On paper, King’s “Injustice Boycott” is brilliant. But, boycotts require real action. The Montgomery Bus Boycott that many of us learned about in history class would have been an epic failure if those dedicated Americans had not actually walked or carpooled to work for 381 days.[16] As of October 21, over 113,000 people have pledged to join King’s boycott.[17] 113,000 online pledges represent a relatively high level of support, especially in light of the fact that the boycott is still in the formative stages of development. With that said, in order for a multi-billion dollar corporation to feel the economic sting of a boycott, a significant group of individuals must withhold their spending power.[18] King likely needs several hundreds of thousands—maybe even millions—of people to participate in the boycott. Perhaps King will be able to garner more boycotters through a strong coalition of partners, vigorous social media promotion, and the New York Daily News’ large audience of readers. But even if the boycott gains traction, a true Montgomery-style boycott requires more than clicking a pledge button or tweeting a hashtag. What will happen if our favorite brand or store is featured on the list of targets that King will release on December 5? Time will tell.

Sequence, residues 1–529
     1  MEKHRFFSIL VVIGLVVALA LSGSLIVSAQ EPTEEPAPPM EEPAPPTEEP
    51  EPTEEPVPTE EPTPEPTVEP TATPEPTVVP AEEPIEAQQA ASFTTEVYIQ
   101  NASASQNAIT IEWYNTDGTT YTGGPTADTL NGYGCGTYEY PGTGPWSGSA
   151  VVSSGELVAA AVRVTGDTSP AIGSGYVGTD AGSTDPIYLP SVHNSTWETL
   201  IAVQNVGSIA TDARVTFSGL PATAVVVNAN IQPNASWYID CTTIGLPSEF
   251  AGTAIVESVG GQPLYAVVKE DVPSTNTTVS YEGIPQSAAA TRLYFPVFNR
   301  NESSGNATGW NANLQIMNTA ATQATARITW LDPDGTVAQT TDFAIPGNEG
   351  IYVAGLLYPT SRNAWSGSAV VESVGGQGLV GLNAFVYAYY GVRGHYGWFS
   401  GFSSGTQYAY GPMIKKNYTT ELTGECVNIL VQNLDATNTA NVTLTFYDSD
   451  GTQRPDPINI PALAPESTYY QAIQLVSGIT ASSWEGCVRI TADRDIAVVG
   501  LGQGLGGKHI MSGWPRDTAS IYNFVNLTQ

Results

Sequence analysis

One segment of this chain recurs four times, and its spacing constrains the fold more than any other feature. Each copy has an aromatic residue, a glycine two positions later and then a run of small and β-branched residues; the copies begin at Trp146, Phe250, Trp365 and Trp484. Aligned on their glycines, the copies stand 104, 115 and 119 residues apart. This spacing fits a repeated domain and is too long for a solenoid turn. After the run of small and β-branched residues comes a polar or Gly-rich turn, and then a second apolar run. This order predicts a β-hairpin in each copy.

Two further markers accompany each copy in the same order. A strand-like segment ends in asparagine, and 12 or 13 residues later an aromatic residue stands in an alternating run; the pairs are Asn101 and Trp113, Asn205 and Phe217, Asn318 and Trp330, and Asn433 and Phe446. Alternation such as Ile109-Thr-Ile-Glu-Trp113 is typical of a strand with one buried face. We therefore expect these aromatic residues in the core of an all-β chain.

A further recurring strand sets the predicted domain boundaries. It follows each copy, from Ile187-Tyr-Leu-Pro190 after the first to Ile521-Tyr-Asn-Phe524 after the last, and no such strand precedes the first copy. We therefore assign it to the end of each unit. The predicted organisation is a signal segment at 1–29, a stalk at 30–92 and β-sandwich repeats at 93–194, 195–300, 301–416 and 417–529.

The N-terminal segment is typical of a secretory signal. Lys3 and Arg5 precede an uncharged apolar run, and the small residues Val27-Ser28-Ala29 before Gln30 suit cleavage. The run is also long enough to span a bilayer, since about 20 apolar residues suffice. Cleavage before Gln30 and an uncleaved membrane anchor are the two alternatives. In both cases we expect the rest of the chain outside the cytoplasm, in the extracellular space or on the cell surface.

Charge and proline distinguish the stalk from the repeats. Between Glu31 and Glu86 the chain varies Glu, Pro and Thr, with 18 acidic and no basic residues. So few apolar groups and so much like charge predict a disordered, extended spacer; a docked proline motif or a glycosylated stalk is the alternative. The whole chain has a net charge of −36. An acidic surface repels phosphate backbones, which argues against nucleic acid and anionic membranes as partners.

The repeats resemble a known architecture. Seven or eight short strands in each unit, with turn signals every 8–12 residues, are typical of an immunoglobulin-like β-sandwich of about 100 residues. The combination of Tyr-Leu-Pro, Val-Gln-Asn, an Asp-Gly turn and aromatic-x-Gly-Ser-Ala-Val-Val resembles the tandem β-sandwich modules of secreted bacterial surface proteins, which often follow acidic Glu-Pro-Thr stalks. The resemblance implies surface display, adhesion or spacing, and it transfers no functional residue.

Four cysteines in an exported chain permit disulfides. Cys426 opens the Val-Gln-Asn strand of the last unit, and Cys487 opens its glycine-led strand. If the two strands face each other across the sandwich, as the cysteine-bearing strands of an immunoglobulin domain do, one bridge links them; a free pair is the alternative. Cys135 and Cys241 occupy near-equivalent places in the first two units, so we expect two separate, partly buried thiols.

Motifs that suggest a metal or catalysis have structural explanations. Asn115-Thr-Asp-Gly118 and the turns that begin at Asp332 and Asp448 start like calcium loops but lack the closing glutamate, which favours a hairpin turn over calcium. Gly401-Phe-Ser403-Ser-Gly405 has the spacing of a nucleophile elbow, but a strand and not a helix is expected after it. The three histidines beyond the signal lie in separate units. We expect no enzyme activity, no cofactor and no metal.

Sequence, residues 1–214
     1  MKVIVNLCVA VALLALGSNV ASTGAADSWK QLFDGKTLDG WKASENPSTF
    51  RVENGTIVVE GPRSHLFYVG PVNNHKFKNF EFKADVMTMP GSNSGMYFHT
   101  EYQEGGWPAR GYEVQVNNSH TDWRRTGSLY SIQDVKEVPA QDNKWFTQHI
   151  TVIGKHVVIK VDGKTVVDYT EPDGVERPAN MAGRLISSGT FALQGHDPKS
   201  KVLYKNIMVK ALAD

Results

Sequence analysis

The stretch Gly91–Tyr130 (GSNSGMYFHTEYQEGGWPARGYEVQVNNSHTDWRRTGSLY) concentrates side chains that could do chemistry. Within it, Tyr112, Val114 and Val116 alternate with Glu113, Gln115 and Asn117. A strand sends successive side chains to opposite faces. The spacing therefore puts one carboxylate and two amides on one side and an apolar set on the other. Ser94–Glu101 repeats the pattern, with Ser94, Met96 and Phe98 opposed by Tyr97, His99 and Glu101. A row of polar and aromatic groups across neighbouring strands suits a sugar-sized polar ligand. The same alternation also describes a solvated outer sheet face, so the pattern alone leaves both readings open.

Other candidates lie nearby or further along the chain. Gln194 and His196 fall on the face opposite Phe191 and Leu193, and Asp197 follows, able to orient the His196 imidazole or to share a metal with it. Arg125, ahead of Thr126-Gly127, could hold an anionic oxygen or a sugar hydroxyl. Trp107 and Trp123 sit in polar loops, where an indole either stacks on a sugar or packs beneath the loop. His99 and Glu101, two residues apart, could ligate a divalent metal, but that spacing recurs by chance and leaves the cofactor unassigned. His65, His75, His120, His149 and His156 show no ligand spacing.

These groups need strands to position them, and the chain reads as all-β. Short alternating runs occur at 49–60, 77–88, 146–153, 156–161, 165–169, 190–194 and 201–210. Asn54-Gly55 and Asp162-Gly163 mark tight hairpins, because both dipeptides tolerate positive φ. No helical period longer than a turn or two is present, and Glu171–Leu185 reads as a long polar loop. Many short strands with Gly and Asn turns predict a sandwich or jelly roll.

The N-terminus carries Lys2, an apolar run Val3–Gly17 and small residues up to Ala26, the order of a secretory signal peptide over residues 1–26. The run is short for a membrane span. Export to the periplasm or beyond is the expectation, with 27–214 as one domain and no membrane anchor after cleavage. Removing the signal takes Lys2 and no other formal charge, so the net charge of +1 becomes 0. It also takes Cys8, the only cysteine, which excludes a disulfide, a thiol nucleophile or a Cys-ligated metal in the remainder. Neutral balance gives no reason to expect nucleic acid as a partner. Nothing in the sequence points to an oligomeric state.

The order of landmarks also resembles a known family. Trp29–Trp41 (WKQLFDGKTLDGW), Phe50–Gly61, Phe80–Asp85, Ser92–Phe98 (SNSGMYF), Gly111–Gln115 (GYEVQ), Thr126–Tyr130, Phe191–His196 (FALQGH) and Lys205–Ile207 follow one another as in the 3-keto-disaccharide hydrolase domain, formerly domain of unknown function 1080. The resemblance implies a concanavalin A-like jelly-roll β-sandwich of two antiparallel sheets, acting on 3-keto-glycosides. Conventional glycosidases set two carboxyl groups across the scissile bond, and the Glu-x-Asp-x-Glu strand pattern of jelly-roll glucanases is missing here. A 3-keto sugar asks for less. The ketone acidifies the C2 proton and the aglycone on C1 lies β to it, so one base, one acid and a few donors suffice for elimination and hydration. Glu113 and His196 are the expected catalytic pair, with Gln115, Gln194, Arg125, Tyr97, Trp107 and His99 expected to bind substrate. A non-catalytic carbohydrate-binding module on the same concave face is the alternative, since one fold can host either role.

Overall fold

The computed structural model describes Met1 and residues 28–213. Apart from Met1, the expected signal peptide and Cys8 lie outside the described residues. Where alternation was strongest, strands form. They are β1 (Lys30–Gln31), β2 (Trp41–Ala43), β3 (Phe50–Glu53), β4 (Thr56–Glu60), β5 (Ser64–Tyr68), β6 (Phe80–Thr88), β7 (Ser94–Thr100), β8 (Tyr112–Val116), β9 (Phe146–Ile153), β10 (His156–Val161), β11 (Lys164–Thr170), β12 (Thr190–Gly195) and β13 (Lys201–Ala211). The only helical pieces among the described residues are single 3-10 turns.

[1] Shaun King, King: Here is how we will boycott injustice and police brutality, New York Daily News (Sep. 30, 2016)

[2] The Montgomery Bus Boycott and an NAACP-led boycott in Claiborne County, Mississippi are just a couple of examples of boycotts that were employed during the civil rights movements of the 1960s. See The Editors of the Encyclopedia Britannica, Montgomery Bus Boycott, Encyclopedia Britannica, (Aug. 9, 2016),; see also NAACP v. Claiborne Hardware Co., 458 U.S. 886, 102 S. Ct. 3409, 73 L. Ed. 2d 1215 (1982).

[3] Gayle v. Browder, 352 U.S. 903, 77 S. Ct. 145, 1 L. Ed. 2d 114 (1956).

[4] Claiborne, 458 U.S. 886.

[5] Susan Milligan, LGBT Rights No Longer a Political Liability, U.S. News and World Report (Sep. 20, 2016)

[6] See King, supra note 1.

[7] Jon Schuppe, Corporate Boycotts Become Key Weapon in Gay Rights Fight, NBC News (Mar. 26, 2016)

[8] Natalie DiBlasio, Isaiah Washington tells African Americans to boycott work Monday, USA Today (Sep. 26, 2016)

[9] According to Nielsen, the buying power of African Americans as a group exceeds $1 trillion. See African Americans are More Relevant Than Ever, Nielsen (Sep. 19, 2013)

[10] See The Editors of the Encyclopedia Britannica, Montgomery Bus Boycott, Encyclopedia Britannica, (Aug. 9, 2016),

[11] See King, supra note 1.

[12] See id.

[13] See id.

[14] See id.

[15] See id.

[16] See Encyclopedia Britannica, supra note 2.


[18] Approximately ninety percent of the black residents in Montgomery, Alabama boycotted the buses. See Encyclopedia Britannica, supra note 2.